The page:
Religious cult that inspired tragedy re-emerging in Salt Lake

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It was one of Utah's most shocking moments, 30 years ago this month, seven children and their mother jumped or were thrown from an 11th floor balcony. Only one child survived. Now, the family's tiny religious cult has re-emerged in Salt Lake.

Matthias David says Immanuel David was actually God the Father and Jesus Christ. It was Immanuel David's family that destroyed themselves 30 years ago in a stunning incident at a downtown hotel. Seven children jumped or were thrown from an 11th floor balcony by their mother, who then jumped herself.

Religious cult that inspired tragedy re-emerging in Salt Lake

A witness of the August 1978 event said, "People were shouting, ‘No! Stop!' There was no noise at all. She simply lifted them up and tossed them one at a time."

The children's father, Immanuel David, committed suicide himself just a couple of days earlier, just as the FBI was closing in on him.

Matthias says, "They couldn't live without him. Can you imagine what kind of faith it would take for a whole family to leap from the 11th floor of a hotel? Can you imagine what kind of faith that would take?"

Some people would say it's more a sign of madness or obsession, but Matthias' answer to that is, "Well, they can think what they want, but that's not true."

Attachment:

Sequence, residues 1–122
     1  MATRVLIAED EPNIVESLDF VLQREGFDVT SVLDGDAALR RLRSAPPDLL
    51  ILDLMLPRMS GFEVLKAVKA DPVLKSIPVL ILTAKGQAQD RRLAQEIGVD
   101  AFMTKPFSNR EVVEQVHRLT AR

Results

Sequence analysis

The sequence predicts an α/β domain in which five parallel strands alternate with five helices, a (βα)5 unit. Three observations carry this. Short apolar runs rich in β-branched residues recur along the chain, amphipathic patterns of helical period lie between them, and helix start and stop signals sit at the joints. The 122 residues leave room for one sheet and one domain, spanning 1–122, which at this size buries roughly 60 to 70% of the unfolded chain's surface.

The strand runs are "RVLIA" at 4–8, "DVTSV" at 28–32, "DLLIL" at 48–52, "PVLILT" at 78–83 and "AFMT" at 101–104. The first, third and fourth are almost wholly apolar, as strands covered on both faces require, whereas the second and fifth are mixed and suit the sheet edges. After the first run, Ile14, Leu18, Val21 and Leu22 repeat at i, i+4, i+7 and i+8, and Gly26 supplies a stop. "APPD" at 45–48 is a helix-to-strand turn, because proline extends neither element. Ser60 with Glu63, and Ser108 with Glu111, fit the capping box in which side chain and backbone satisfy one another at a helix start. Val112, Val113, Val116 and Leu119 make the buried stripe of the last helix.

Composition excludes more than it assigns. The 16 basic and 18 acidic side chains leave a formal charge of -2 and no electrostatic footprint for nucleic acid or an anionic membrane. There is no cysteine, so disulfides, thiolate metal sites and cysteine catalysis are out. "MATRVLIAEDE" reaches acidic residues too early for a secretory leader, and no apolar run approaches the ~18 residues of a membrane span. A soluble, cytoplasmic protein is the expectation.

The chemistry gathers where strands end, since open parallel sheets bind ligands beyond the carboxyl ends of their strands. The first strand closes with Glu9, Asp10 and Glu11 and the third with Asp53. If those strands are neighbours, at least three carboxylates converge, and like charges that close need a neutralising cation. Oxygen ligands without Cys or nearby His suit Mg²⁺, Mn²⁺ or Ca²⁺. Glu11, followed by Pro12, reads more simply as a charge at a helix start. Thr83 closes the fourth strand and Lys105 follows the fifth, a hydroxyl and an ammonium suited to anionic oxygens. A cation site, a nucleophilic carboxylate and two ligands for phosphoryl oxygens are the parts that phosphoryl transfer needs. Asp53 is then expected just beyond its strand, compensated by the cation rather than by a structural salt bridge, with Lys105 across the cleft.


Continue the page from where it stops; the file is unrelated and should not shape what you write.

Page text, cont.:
In recent weeks, Matthias has been sending letters to LDS Church leaders and the media, proclaiming Immanuel David as God. The cult was tiny 30 years ago and remains that way today with only a handful of true believers.

Matthias predicts fire from the sky will eventually destroy David's enemies. "I think Mt. Timpanogos is going to land on Manti. It will be picked up and dropped on Manti." However, he says he' not personally proposing to do anything destructive."

The only surviving child was 15-year-old Rachel. Severely injured, she lived with believers until about three years ago. Now, Matthias says, "She's in Sandpoint, ID, in a care center there, a real nice care center."

Whether it was religious belief or madness, that day at the hotel was a community trauma that haunted Salt Lake for years.

In the 1970s, FBI officials accused Immanuel David and his followers of supporting the group through fraudulent fundraising. Matthias David admits he pled guilty then to wire fraud but claims now he didn't really do it.

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John Hollenhorst


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